Backers of Oregon’s gun control Measure 114 declared a major victory this week, but uncertainty lies ahead with months of legal wrangling and rule-making likely to delay the start well into next year, if ever.
State police, lawmakers and proponents must write the regulations for the state’s first-ever permits to buy a gun and figure out how much the rules will cost to carry out.
Meanwhile, at least one Oregon sheriff has promised to not enforce the ban on large-capacity magazines, while gun rights advocates are gearing up to block the measure, arguing it violates their Second Amendment right to bear arms.
Voters narrowly passed the measure 51% to 49%, chalking up a momentous win in the national movement to curb gun violence.
Voters in seven counties considered some of the state’s Democratic strongholds, including Multnomah, Washington, Lane and Benton counties, passed the measure, while 29 of the state’s largely rural, conservative counties rejected it.
Its passage was the culmination of a grassroots, interfaith push by Lift Every Voice Oregon that began shortly after the 2018 school shooting in Parkland, Florida, killed 17 students and staff.
“We’re very humbled by this, but it wasn’t a victory over anybody. It was a victory for our children that we can all celebrate,” said one of the chief petitioners, the Rev. Mark Knutson from Portland’s Augustana Lutheran Church.
Lawyers advising the Oregon Firearms Federation, the Second Amendment Foundation and other gun rights advocates disagree.
They’re preparing to ask a judge for a temporary restraining order and preliminary injunction to prevent the measure from taking effect until a judge can weigh whether it meets constitutional muster.
“The first draft of our complaint has been written. We’re still adding plaintiffs to the suit, and we’ll be ready to pounce,” said Alan Gottlieb, founder of the Second Amendment Foundation, based in Bellevue..
The legal landscape has changed significantly since supporters first drafted Measure 114. Court challenges to one of its provisions, a ban on large-capacity magazines, are pending in California and Washington state.
The outcomes in those cases could provide guidance to Oregon as the state drafts rules to put Measure 114 into practice, legal observers say.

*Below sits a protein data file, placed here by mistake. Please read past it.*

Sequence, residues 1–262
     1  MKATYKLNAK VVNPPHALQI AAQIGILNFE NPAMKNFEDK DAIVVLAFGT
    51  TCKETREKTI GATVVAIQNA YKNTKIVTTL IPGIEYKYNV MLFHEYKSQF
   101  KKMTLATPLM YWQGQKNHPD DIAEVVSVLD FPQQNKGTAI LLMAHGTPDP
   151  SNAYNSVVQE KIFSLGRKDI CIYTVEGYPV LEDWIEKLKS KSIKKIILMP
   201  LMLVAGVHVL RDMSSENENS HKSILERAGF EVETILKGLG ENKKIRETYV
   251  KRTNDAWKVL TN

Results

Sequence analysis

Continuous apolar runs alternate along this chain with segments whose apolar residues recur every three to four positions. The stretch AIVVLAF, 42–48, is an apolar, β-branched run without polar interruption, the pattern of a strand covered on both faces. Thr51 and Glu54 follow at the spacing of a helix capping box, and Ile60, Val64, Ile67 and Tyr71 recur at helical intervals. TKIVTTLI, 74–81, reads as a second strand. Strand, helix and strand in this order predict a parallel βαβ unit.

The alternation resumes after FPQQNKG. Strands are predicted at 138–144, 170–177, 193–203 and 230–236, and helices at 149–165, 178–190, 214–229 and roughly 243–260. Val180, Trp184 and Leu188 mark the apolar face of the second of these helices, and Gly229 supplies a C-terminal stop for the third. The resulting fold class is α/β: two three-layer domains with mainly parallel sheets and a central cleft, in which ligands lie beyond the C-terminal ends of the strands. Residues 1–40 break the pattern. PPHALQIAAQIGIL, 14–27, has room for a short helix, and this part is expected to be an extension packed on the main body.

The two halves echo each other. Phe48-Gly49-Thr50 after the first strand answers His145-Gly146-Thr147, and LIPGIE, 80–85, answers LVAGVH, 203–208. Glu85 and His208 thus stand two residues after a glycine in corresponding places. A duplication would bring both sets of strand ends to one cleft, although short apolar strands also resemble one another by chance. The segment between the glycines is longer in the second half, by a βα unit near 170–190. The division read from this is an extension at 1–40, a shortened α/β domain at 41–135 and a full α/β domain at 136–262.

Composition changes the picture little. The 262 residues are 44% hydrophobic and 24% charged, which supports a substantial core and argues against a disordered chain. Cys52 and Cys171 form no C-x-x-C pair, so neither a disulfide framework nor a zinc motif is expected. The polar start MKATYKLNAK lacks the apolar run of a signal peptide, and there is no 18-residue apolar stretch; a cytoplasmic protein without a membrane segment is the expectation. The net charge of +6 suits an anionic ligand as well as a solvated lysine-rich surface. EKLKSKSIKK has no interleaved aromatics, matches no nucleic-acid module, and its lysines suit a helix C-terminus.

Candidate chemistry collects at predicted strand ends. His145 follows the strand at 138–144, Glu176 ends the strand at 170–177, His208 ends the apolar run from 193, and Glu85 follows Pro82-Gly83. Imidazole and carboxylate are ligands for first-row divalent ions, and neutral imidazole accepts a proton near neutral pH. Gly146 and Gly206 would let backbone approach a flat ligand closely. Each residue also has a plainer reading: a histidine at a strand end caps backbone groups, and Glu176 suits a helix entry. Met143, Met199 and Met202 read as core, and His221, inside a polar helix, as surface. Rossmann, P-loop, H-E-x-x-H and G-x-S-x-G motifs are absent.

While the passage of Measure 114 shows the strength of the gun safety movement right now, it’s too early to tell whether the law will survive constitutional scrutiny in the wake of the major U.S. Supreme Court ruling in late June overturning a New York gun safety law, said Adam Winkler, a constitutional law professor at UCLA School of Law.
“There’s no doubt the U.S. Supreme Court has declared war on gun safety legislation,” Winkler said. “We don’t know which exact laws will be upheld.”
He suspects part of Measure 114 may withstand review, such as the move to require completed background checks before a gun sale, but others may not, such as the ban of magazines that hold more than 10 rounds of ammunition.
“It’s going to be awhile,” Winkler said, “before this law goes into effect, if it ever does.”
When does Measure 114 start?
It technically kicks in on Jan. 15, 30 days after certification of the vote on Dec. 15.
Yet state police are likely to seek an extension — which could last months — to allow time to hash out the gun permit system in the Legislature.
State police are “assessing the required processes” under the measure but can’t provide details on any plans until there’s certification of the election results, said state police Capt. Kyle Kennedy, an agency spokesman.
Under the measure, anyone who wants to buy a gun must get a permit from a sheriff’s office, pay an expected fee of $65, complete an approved firearms safety course at their own expense, submit a photo ID, be fingerprinted and pass a criminal-background check.
How will rules be written?
Lift Every Voice Oregon committee members are conferring with state lawmakers and state police on setting up a Measure 114 committee and work group to write the rules on everything from the information sought on permit application forms to the type of courses required for safety training.
The proponents’ goal is to have a committee that includes a wide range of stakeholders.
Other issues to be decided: Whether state police need more employees to compile a database of those granted permits and others who are rejected; how much money or staff county sheriffs’ offices will need to handle the permit process and what resources are needed to help state police do additional background checks for permit applicants.
“When you do something as comprehensive in terms of a new procedure, it’s almost impossible to put it all in the statute,” said Liz McKanna, a member of Lift Every Voice Oregon’s legislative committee.
“Part of it is we also want input from the people who are going to be administering the permitting process,” she said.
Sen. Floyd Prozanski, D-Eugene, who chairs the Senate’s Judiciary Committee, said lawmakers still must work out a timeline and a process to assign various bills relating to Measure 114 to different committees.
Rep. Jason Kropf, D-Bend, who chairs the House Judiciary Committee, said he’ll also be working with legislative counsel on next steps to implement the measure.
No dates are set yet.
Will gun sales stop?
Gun rights advocates contend the measure will halt gun sales as of Jan. 15 because no one will have a permit to buy one.